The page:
However, while such modified polypropylene fibers exhibit better adhesion to mineral fibers, it is generally not economically feasible in insulation products for all of the thermoplastic binder fibers to be formed of modified polypropylene. Accordingly, in such products, it is generally preferred that only from about 5% to about 30%, more preferably from about 10% to about 20%, of the thermoplastic binder fibers included in the fibrous composite are formed of modified polypropylene. These may be individual, discreet fibers formed separately from the unmodified polypropylene fibers, such as by separately melt blowing polypropylene fibers and modified polypropylene fibers and combining them with glass fibers to form the composite mat, or they may be composite fibers formed by melt blowing a mixture of polypropylene and modified polypropylene.
Associated with the polymer fiber die 50 is a an extruder 60 that supplies polymer material to the polymer fiber die 50 via a polymer line 62. The extruder can be any suitable extruder for heating and pressurizing the organic material and supplying it in a fiberizable form. Suitable extruders are available from the above-mentioned polymer die suppliers.
Also associated with the polymer fiber die 50 is a polymer blower 64 which supplies hot pressurized air to the polymer fiber die for attenuation of the polymer fibers 55. The volume of air required is a function of the desired fiber diameter and the amount of polymer material being fiberized, as well as other factors. The air is heated with the heater 66, which is preferably an electric heater, and the heated air is supplied to the polymer die 50 via hot air line 68. The hot air exits the polymer fiber die 50 to help attenuate the polymer fibers and maintain them in a soft attenuable condition as long as is necessary for satisfactory reduction in diameter. As with the polymer fiber die 50, the polymer extruder 60, blower 64 and heater 66 are commercially available. Since the polymer fiber die 50 is positioned in a hot environment, i.e., generally below the fiberizer 10, the polymer fiber die is preferably provided with insulation material 70 to prevent the polymer material from excessive heat loss, as shown in FIG. 3.
As shown in FIG. 2, a preferred arrangement of the apparatus for carrying out the method of the invention includes a plurality of fiberizers having a plurality of spinners 12 arranged along the length of a forming chain 38. Associated with each spinner 12 is a pair of polymer fiber dies 50. Each die 50 is supplied with molten polymer material by a polymer line 62, and the polymer lines are all fed by a polymer manifold 72. The polymer line is connected to the polymer extruder, not shown in FIG. 2.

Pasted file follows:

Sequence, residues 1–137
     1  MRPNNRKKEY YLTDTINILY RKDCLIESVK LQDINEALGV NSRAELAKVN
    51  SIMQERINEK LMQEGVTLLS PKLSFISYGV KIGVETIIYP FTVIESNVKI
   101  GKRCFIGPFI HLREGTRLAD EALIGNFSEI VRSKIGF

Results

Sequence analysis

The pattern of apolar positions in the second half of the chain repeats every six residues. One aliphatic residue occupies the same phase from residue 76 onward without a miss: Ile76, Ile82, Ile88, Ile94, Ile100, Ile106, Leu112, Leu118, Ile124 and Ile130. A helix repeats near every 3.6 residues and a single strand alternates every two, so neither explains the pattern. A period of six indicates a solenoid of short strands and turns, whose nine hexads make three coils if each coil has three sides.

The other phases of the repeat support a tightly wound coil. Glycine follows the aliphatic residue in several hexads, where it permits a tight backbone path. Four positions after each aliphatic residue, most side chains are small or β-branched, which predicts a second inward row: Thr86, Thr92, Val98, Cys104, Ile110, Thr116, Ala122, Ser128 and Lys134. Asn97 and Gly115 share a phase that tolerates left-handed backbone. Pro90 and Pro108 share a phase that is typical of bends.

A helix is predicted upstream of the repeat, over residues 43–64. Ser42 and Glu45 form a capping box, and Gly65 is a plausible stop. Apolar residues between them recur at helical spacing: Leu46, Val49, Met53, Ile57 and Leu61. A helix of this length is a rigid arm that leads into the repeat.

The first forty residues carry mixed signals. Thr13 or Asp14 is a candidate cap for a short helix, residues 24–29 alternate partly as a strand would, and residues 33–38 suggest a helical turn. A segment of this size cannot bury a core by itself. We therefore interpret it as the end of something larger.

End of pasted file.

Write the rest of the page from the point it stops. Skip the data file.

The polymer dies 50 are also supplied with hot air by hot air lines 68, all of which are supplied by hot air manifolds 74. The hot air manifolds 74 are supplied from one or more hot air heaters 66 and polymer blowers 64, not shown in FIG. 2. The hot air aids in the attenuation of the polymer fibers by maintaining the polymer fibers in a soft, attenuable state during the attenuation process. If the polymer fibers were to cool too quickly after leaving the die 50, the polymer fibers would be too fat. The air supplied to the die is at a volume and pressure sufficient to result in up to nearly sonic air speeds.
It can be seen from FIG. 2 that by supplying polymer fibers 55 into contact with the glass fibers 22 from both sides of each of a plurality of spinners 12, there will be substantial integration of the two different types of fibers. Further, the polymer fibers 55 will preferably be uniformly intermixed with the glass fibers.
More than two polymer dies 50 can be positioned around each glass fiber spinner 12. As illustrated in FIG. 6, four polymer fiber dies 50 are positioned circumferentially around the spinner. The polymer dies 50 could be configured in numerous other shapes to deliver polymer fibers 55 to the glass fiber veil 24 for entanglement with the glass fibers 22. Another possible configuration, not shown, is an annular or circular polymer fiber die surrounding the spinner.